Dozens of pins protruded from a Sonoma County map as residents marked crumbling or unsafe roads in their neighborhoods. There was a pin on Arnold Drive near the new roundabout and one at the other end near Leveroni Road, three pins on a small stretch of Trinity Road, more pins on Sonoma Mountain Road, Boyes Boulevard, Verano Avenue, Madrone Road – pin after pin after pin.
First District Supervisor Susan Gorin asked Valley residents attending a Wednesday night Roads Summit, hosted by Save Our Sonoma Roads, to place pins on the map pointing out any roads they felt were in bad condition and needed to be a priority for repair.
“We hear almost daily – sometimes multiple times – about the deplorable conditions of roads in the Valley,” Gorin said in her opening statement, adding she hoped hearing community concerns would help set the stage for a forum next year to talk about a multi-faceted countywide plan to address road conditions.
In 2011, Craig Harrison and Michael Troy formed the grassroots organization, Save Our Sonoma Roads, searching for reasons why Sonoma roads are worse than those in other counties and for solutions to improve transportation and safety in the Valley. Along with longtime Boyes Hot Springs resident and community activist Gina Cuclis, the two put on the Wednesday night Roads Summit at Ramekins Culinary School, Event Center and Inn to engage the community in a thoughtful and informative discussion.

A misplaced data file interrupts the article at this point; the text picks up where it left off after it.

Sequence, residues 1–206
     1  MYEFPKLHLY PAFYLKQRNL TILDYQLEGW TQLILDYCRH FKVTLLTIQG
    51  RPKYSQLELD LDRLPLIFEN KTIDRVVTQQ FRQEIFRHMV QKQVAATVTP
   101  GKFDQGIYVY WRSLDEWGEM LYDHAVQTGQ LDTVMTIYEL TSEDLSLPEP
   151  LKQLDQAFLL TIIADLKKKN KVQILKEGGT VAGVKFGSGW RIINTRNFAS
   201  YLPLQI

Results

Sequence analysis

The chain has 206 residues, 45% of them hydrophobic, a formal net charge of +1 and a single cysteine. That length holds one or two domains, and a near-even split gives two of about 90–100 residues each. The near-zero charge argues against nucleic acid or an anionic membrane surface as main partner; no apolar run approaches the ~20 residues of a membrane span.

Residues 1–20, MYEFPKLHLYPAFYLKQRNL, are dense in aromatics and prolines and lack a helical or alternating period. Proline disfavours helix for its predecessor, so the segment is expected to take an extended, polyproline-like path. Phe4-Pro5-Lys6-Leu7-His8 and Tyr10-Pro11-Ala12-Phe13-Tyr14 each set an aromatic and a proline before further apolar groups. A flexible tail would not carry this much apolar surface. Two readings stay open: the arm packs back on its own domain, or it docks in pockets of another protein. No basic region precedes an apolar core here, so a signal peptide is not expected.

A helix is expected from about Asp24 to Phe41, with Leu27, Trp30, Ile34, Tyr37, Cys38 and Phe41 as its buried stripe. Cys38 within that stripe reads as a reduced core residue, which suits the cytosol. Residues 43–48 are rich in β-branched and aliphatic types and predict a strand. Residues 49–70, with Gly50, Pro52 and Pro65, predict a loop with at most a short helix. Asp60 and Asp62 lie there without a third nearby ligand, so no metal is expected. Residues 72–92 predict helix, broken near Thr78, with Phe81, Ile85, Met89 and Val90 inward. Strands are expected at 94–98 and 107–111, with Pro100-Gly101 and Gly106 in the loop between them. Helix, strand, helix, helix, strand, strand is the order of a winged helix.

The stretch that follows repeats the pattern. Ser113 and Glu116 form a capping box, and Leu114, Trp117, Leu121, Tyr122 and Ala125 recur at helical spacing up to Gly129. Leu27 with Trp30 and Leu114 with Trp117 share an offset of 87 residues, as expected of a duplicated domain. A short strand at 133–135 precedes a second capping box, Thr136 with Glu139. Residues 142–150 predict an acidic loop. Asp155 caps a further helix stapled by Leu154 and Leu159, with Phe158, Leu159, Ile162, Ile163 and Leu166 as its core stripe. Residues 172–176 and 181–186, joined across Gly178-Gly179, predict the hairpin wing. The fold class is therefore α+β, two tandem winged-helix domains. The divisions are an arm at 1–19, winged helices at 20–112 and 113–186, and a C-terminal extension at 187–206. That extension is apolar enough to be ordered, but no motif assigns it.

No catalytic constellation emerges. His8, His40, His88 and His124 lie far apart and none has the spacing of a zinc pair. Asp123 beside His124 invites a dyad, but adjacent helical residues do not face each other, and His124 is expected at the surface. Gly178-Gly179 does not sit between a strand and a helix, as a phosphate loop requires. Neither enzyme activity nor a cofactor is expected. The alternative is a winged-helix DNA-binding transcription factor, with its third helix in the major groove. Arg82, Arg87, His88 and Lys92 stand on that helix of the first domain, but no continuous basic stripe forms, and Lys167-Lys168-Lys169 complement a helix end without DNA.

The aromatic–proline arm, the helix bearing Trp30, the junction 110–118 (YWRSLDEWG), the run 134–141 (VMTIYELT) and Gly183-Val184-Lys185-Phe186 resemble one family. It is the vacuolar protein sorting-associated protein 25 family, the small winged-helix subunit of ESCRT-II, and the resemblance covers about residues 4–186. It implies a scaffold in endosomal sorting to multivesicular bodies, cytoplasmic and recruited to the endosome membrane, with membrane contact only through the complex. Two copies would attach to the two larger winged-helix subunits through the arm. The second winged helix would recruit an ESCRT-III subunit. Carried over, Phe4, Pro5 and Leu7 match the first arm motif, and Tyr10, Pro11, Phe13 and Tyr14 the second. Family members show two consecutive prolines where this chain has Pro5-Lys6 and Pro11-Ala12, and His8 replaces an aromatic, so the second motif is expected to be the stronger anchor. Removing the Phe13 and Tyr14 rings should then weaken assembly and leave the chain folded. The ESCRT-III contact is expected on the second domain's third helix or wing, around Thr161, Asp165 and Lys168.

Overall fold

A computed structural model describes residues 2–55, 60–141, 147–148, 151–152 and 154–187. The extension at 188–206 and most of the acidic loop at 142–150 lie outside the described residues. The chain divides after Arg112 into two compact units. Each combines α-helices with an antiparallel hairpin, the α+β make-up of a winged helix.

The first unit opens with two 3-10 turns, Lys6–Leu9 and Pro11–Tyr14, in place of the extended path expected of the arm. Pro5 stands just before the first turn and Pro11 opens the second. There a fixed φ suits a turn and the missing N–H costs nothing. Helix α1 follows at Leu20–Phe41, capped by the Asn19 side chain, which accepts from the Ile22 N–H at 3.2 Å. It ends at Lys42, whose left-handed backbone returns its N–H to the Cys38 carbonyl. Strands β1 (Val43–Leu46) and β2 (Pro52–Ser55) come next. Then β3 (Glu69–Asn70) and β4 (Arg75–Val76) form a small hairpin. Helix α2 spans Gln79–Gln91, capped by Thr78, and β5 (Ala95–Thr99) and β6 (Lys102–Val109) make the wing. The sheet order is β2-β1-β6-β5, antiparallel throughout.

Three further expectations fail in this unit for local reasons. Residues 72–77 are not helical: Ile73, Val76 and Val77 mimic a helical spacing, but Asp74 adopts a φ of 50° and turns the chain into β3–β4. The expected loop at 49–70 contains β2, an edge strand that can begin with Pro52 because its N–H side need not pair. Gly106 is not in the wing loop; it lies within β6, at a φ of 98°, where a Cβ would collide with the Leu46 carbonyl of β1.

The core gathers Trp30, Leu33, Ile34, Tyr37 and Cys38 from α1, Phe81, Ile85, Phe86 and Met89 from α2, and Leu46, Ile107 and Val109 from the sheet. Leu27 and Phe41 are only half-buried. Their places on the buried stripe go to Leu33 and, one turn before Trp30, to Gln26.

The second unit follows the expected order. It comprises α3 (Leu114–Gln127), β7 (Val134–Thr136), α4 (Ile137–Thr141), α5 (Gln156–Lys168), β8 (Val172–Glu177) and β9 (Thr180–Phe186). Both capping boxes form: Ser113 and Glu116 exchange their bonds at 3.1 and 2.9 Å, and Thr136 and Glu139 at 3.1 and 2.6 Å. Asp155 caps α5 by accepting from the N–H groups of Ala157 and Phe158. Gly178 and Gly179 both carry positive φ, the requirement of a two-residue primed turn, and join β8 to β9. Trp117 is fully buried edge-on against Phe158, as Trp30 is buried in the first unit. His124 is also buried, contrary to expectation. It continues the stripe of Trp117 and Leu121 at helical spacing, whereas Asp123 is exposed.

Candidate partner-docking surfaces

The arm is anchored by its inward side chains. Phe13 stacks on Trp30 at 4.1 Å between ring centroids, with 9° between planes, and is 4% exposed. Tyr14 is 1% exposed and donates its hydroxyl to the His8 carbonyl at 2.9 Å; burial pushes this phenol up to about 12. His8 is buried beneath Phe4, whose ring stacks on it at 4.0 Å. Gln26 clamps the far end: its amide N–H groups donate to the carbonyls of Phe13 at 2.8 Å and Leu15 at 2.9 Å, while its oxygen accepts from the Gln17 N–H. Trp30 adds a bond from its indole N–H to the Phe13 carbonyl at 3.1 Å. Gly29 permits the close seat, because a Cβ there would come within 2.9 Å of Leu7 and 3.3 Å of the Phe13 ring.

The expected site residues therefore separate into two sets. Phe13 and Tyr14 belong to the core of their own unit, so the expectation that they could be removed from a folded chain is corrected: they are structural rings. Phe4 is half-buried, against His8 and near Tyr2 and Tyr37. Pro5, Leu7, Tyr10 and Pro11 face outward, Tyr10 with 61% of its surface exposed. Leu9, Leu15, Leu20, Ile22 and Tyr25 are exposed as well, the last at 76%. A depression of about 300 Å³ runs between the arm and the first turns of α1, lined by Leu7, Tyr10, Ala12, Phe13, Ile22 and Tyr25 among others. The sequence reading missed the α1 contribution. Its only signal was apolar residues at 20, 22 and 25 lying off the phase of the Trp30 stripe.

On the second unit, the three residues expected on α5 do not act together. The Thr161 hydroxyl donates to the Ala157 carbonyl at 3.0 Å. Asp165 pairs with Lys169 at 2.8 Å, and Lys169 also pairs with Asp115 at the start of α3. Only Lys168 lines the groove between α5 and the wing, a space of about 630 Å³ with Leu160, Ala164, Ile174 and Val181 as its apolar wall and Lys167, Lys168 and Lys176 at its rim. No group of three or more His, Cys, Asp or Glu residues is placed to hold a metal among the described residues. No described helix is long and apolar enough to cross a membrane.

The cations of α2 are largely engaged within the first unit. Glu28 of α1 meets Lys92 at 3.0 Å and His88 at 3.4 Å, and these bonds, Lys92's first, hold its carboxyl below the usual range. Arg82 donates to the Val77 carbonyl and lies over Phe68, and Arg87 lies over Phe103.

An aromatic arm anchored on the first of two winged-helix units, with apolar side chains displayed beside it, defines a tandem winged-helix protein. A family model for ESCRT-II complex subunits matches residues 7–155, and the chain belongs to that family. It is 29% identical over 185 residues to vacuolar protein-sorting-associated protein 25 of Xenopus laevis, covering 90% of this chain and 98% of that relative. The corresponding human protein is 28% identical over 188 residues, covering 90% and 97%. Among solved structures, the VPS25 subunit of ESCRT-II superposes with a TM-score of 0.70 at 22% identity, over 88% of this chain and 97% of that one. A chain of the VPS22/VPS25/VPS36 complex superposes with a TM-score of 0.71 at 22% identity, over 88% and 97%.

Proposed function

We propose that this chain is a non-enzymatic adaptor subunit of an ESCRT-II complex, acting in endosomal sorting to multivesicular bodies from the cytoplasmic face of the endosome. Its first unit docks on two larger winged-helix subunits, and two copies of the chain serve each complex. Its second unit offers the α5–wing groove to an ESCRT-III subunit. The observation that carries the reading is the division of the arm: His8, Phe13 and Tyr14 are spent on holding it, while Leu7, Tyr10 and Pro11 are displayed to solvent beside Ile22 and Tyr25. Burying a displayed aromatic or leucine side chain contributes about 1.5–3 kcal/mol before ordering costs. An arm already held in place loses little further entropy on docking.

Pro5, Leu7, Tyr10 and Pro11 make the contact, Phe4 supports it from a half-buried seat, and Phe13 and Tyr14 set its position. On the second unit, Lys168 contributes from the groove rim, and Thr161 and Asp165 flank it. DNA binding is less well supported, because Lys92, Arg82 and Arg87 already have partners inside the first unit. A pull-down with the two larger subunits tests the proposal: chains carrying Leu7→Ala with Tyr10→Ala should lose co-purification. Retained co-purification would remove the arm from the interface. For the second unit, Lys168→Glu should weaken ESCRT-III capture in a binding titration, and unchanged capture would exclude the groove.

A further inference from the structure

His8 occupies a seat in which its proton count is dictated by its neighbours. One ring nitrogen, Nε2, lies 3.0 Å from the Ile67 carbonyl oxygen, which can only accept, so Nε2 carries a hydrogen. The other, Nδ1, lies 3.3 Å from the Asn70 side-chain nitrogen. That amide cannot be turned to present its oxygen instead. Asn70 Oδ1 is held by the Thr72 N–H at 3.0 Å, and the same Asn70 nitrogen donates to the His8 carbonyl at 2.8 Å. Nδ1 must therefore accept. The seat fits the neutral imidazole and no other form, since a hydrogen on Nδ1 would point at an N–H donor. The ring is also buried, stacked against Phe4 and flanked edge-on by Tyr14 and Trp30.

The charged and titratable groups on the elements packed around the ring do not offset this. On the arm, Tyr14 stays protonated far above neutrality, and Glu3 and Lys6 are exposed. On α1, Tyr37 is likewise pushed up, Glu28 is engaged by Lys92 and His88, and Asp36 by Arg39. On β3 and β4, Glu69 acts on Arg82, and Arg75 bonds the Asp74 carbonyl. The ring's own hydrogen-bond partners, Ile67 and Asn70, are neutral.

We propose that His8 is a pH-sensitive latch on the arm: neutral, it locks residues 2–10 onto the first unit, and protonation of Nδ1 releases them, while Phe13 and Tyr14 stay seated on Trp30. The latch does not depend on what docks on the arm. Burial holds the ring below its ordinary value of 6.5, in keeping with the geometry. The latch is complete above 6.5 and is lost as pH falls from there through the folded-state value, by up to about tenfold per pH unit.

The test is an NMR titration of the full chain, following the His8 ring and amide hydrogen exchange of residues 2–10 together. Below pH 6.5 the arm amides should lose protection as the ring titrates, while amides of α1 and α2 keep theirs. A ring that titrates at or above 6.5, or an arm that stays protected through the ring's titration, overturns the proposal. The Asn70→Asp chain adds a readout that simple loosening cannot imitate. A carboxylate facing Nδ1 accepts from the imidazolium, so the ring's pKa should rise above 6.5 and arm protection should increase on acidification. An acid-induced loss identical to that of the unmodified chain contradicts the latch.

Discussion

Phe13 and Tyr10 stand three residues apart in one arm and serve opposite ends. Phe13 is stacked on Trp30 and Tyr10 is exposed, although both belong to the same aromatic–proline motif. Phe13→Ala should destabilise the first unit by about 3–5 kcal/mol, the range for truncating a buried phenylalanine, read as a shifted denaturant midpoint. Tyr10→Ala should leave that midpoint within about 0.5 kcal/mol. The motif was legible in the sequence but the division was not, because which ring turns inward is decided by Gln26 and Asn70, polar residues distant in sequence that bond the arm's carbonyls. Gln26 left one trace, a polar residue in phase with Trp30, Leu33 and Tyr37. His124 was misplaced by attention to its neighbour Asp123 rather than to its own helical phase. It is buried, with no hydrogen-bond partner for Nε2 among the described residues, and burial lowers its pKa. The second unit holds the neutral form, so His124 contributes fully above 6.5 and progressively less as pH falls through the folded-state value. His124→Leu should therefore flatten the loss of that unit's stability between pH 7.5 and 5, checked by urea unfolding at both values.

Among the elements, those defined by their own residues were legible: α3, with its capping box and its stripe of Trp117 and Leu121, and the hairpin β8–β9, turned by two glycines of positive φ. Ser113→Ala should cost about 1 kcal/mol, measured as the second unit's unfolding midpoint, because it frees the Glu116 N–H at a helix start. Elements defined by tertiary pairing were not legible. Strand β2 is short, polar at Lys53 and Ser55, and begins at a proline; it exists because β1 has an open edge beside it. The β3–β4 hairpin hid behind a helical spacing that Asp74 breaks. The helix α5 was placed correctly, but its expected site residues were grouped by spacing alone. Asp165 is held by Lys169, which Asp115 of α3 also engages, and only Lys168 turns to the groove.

At 1,383 miles, Sonoma county’s road system is the largest in the Bay Area, but Sonoma ranks 18th out of California’s 58 counties in terms of gas tax per mile. According to an analysis by Save Our Sonoma Roads, 70 percent of California counties get less tax revenue, and all 40 have better road conditions. In June 2012, the Board of Supervisors concluded 751 miles of Sonoma County’s roads are in failed or poor condition.
But a California Local Streets And Roads Needs Assessment, conducted in January 2013, revealed the condition of Sonoma roads (blending the much better city streets with county roads) ranked eighth worst in California.
“The roads deteriorated greatly from the 1990 era till now because the Board of Supervisors – lots of supervisors and lots of boards – successively took their eye off the ball and dropped or froze funding,” said Harrison, adding that the county was focused on funding pensions and roads suffered during both economic booms and recessions.
Gorin noted a majority of funding for roads is allocated by federal and state governments and collected through gas taxes. The federal gas tax has remained at 18.4 cents a gallon since 1993 while maintenance and improvement costs have increased.
“(The United States government) has made a conscious effort at the federal level to disinvest in the highway system,” Gorin said, adding the government would need to increase its road funding by 21 percent, or $156 billion, to keep roads at current conditions; and by 51 percent, or $374 billion, to make only moderate improvements. Gorin said the Board of Supervisors is working to improve roads as they are vital to transportation, safety and the economy.
The evening’s featured speaker, newly appointed Sonoma County Transportation and Public Works Director Susan Klassen, is one of the people searching for solutions and seeking improvements. Inadequate funding of the roads system and the increasing price of asphalt has made it impossible to effectively fund maintenance and repair of the county’s roads, Klassen said.